I have a confession to make. I struggle with the idea that one day in the future I’ll be able to say, “I have Recovered from Depression and Anxiety.” Don’t get me wrong, I am completely on board with the idea of Recovery. It’s just I have this nagging doubt in my mind. It keeps asking me, “Can you really believe you’ll ever recovery from mental illness?”
So I did what any good blogger would do; I headed off to the Internet to find the answer! After all if it’s on the Internet it must be true. Right?
I guess the best thing to look at first is what the word Recovery means. Let’s face it, if we don’t know what Recover means then how can we ever hope to have or achieve it.
Recovery: late Middle English (denoting a means of restoration): from Anglo-Norman French recoverie, from recovrer ‘get back’ – Oxford English Dictionary
I think we would all agree that we pretty much know the definition of “Recovery.” But here it is just in case you needed a refresher.
The Oxford English Dictionary defines Recover as: a return to a normal state of health, mind, or strength.
Hmm… If that’s the case then the prospect of one truly recovering is pretty dismal. And what’s “a normal state…” anyways?
But maybe that has more to do with us looking in the wrong place than having the wrong definition. Let’s take a look at what the Diagnostic and Statistical Manual of Mental Disorders (DSM for short) has to say about Recovery.
After a period of time in full remission, the clinician may judge the individual to be recovered and, therefore, would no longer code the disorder as a current diagnosis. The differentiation of In Full Remission from recovered requires consideration of many factors, including the characteristic course of the disorder, the length of time since the last period of disturbance, the total duration of the disturbance, and the need for continued evaluation or prophylactic treatment.
AHA!! So recovery is possible! (Come on! You know you want to do the happy dance! It’s okay! No one’s watching.)
But why is there a difference between Full Remission and Recovery? Does that mean I could be symptom free but not “Recovered?”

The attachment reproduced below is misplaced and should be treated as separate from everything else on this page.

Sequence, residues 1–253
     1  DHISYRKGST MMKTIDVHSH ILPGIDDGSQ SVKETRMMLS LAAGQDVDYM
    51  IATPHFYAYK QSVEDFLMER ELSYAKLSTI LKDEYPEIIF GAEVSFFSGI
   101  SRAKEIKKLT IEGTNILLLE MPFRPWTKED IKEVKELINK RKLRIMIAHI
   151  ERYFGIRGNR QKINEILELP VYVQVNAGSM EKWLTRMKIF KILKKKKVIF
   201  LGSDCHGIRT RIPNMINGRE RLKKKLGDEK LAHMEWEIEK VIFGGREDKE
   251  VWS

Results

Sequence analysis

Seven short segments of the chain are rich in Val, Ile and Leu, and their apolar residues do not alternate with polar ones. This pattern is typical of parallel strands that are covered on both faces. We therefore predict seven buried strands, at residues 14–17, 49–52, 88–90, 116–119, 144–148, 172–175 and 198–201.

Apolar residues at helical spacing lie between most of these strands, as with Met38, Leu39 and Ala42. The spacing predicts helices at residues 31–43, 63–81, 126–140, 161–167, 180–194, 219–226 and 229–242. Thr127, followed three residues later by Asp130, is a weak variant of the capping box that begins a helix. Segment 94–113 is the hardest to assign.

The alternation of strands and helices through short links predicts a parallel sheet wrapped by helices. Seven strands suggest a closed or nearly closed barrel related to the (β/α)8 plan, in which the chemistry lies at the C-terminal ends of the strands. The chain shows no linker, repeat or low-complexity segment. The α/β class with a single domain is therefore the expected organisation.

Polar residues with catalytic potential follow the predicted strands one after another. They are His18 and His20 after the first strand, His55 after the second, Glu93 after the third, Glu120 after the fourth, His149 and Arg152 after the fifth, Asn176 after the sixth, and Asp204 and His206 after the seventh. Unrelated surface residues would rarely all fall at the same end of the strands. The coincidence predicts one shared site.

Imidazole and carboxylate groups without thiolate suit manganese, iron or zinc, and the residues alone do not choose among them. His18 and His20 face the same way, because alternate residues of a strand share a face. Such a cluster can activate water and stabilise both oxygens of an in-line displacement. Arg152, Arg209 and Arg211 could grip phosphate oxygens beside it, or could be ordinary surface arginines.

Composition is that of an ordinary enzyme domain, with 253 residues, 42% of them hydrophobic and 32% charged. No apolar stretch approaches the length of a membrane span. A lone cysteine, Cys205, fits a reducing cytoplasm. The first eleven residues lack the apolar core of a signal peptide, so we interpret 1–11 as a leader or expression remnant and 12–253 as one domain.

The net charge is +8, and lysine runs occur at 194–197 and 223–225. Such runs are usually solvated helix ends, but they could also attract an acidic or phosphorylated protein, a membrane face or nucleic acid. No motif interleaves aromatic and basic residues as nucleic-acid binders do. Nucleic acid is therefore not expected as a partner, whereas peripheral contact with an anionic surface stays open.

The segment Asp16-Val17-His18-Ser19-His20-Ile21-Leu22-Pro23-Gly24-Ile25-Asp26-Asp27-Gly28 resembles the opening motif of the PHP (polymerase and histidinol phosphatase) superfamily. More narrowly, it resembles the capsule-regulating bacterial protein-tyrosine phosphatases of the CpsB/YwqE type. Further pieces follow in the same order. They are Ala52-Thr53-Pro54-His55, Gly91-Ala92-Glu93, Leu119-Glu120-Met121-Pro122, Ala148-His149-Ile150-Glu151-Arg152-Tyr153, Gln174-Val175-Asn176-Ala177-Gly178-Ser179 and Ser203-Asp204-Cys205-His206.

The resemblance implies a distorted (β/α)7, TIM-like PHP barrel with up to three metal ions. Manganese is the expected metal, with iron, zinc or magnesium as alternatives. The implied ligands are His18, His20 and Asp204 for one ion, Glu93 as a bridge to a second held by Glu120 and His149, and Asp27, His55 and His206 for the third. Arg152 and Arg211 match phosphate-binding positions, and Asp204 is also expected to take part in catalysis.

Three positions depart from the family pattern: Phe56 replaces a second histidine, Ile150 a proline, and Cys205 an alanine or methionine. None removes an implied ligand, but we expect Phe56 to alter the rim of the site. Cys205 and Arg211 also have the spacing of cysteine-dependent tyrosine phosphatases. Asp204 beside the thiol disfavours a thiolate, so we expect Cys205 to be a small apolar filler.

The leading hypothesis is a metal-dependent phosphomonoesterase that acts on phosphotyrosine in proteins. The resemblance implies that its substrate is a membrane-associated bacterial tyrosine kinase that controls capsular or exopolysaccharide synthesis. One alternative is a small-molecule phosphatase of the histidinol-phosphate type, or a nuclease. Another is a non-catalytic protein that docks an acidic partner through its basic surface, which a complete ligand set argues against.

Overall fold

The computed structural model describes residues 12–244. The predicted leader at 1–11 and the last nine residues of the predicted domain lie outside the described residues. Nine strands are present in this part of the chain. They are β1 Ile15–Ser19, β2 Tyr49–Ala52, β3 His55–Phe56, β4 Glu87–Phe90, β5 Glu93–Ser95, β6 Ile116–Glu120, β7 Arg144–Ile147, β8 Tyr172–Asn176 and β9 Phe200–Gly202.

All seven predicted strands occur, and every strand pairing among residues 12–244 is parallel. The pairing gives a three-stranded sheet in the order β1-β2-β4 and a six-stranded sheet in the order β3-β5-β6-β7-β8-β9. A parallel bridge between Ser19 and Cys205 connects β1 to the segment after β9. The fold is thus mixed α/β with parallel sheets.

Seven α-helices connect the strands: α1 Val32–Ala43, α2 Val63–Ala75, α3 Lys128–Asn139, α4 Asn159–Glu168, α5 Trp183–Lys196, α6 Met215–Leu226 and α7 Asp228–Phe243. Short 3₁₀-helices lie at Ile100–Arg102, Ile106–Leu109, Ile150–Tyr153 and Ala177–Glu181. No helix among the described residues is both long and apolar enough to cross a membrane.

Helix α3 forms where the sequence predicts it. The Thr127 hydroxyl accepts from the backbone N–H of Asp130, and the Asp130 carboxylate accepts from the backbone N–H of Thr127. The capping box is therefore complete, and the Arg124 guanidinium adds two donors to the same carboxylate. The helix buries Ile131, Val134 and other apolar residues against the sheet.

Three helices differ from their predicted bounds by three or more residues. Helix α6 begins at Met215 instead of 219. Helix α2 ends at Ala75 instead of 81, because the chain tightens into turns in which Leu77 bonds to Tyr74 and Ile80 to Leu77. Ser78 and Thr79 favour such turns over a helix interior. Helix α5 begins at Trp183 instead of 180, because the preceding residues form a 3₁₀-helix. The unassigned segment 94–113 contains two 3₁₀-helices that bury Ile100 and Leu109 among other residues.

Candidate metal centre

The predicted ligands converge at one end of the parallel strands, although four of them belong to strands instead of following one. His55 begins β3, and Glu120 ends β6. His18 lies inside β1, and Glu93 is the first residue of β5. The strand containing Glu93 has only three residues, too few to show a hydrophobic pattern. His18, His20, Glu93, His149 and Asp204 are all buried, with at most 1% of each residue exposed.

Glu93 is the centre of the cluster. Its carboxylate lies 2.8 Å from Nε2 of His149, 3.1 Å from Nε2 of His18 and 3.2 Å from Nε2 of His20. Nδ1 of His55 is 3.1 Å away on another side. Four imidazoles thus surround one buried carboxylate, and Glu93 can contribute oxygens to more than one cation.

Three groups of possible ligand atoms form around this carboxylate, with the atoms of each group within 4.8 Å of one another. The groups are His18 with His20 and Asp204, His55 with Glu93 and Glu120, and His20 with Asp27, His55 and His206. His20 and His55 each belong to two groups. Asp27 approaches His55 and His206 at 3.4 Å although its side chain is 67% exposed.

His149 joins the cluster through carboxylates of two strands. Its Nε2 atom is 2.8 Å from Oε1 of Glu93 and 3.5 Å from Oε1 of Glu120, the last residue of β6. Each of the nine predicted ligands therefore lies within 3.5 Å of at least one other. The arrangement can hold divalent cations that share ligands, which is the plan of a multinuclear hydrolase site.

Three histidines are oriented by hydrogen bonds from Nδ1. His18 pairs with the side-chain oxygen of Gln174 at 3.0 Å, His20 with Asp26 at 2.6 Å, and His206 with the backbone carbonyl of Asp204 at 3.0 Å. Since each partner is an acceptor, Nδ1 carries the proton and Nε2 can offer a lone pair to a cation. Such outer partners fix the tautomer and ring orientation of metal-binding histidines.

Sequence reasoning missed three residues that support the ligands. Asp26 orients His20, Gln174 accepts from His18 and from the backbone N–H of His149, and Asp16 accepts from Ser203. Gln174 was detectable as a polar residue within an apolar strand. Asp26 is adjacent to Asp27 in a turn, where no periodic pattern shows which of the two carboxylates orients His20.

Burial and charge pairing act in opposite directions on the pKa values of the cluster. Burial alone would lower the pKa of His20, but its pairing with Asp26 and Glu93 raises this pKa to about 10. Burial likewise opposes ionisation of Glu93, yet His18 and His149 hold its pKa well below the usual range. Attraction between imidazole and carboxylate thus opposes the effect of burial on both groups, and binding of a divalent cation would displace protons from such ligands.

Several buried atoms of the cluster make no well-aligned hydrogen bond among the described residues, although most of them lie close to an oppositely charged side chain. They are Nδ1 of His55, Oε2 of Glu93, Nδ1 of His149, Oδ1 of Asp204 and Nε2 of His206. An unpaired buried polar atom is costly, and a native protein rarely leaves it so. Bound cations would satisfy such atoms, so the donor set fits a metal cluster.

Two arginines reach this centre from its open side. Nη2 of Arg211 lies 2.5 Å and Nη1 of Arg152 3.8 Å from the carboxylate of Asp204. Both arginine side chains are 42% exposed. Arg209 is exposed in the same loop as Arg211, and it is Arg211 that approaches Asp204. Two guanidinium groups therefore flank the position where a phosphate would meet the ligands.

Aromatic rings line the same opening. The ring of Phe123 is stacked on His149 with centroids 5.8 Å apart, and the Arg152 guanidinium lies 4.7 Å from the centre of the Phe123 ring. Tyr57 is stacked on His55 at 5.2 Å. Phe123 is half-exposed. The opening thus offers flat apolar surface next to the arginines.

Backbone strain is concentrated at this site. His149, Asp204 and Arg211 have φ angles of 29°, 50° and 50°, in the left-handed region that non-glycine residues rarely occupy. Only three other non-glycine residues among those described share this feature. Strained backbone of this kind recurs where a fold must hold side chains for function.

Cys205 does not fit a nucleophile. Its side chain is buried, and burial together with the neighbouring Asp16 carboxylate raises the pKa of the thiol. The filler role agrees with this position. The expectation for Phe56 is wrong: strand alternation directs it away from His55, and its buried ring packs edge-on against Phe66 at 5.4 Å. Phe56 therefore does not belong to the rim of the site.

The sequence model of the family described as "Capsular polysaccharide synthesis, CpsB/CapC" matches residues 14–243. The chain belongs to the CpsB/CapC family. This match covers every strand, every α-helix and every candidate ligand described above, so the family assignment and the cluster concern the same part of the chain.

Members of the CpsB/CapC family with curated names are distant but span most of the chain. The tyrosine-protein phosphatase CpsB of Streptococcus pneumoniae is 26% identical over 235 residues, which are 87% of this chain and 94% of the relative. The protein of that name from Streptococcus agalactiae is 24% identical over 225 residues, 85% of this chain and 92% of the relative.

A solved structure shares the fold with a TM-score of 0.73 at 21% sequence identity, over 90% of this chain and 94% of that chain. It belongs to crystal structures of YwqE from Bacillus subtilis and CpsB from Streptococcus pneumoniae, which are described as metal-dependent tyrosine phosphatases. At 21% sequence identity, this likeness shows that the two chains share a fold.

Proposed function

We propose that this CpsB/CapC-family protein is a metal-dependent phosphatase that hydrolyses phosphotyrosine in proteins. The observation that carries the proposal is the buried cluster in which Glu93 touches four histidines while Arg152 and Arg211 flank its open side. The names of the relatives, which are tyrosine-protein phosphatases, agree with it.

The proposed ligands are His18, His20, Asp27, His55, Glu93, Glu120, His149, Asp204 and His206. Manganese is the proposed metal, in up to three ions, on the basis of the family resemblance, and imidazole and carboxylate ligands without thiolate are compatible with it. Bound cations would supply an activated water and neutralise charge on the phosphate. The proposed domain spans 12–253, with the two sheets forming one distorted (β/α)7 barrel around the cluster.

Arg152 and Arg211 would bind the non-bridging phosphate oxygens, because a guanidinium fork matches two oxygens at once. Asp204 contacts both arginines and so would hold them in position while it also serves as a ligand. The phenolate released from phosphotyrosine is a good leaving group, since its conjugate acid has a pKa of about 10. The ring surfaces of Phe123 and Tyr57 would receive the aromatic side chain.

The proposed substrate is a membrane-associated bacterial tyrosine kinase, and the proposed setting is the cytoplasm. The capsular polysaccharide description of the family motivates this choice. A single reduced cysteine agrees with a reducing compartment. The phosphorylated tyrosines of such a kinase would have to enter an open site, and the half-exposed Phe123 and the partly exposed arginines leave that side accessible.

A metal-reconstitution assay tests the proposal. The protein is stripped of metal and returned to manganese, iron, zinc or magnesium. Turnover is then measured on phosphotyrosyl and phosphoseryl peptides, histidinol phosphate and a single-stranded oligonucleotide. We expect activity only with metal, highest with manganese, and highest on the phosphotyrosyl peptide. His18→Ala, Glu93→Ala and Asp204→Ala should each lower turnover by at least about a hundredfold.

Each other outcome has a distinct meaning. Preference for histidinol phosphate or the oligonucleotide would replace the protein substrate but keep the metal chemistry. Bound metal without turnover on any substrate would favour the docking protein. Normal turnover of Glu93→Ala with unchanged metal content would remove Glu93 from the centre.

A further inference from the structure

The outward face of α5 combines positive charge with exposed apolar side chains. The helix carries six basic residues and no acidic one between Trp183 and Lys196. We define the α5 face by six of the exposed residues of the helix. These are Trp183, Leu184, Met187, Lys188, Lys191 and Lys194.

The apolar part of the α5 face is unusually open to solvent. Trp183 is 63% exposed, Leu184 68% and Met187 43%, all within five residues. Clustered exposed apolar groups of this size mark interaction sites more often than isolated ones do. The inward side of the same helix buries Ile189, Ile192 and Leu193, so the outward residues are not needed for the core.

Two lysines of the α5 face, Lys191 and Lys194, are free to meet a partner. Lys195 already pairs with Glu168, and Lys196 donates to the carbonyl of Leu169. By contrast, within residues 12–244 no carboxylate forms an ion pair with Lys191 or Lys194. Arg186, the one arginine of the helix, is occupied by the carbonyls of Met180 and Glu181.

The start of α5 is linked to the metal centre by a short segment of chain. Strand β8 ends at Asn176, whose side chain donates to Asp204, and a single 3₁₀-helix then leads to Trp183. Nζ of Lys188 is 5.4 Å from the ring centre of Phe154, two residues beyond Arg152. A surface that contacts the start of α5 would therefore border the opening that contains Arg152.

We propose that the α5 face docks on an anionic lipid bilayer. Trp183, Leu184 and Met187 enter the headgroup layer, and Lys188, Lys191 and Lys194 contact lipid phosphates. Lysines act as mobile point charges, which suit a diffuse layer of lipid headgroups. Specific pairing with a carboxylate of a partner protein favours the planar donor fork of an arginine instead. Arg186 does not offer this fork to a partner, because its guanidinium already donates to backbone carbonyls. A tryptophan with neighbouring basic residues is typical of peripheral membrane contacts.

I think that’s exactly what it means.
See, we spend so much time focusing our lives on being “normal” or getting “well” that we tend to forget that even though mental illness IS AN illness. It’s not exactly like physical illnesses. And it’s that difference we need to take into consideration when we talk about things like Recovery.
I read a definition of recovery once that finally put it all into perspective for me by William Anthony, PhD.
[Recovery is] a way of living a satisfying, hopeful, and contributing life even within the limitations caused by illness. – William Anthony, PhD.
And what makes Dr. Anthony so special?
Nothing much, just that he practically wrote the book on recovery when he wrote Recovery from Mental Illness: The Guiding Vision of the Mental Health Service System in the 1990s. And then there’s just this little fact that the’s the Executive Director of the Center for Psychiatric Rehabilitation at Boston University.In this paper Dr. Anthony laid it all out for us to easily understand and hopefully share with our own supporters, family and maybe even our doctors if need be.
The concept of recovery from our mental illness does not mean that the suffering has disappeared. Nor does it mean we’re symptom free and functioning like we did before we got sick.
NOT AT ALL!!!
The concept of recovery from physical illness and disability does not mean that the suffering has disappeared, all the symptoms removed, and/or the functioning completely restored. – Harrison V.
Instead Recovery means something even more radical! Something so radical we can’t even tell you on this website for fear the FDA will shut us down! (Nah! I’m just joshing!)
But think about it. What Dr. Anthony tells us is that we SHOULD forget about getting back to “normal.” Not that it’s impossible and can’t happen. But that we shouldn’t be focusing on “Normal” or being “Symptom Free.”
Instead of adding all of that anxiety and maybe even feeling like a humongous failure, Dr. Anthony frees us. His definition of recovery allows us to focus on healing and living a satisfying, hopeful, and contributing life.
I don’t know about you, but based on that, I truly believe Recovery is not only possible, but something I CAN and WILL achieve one day!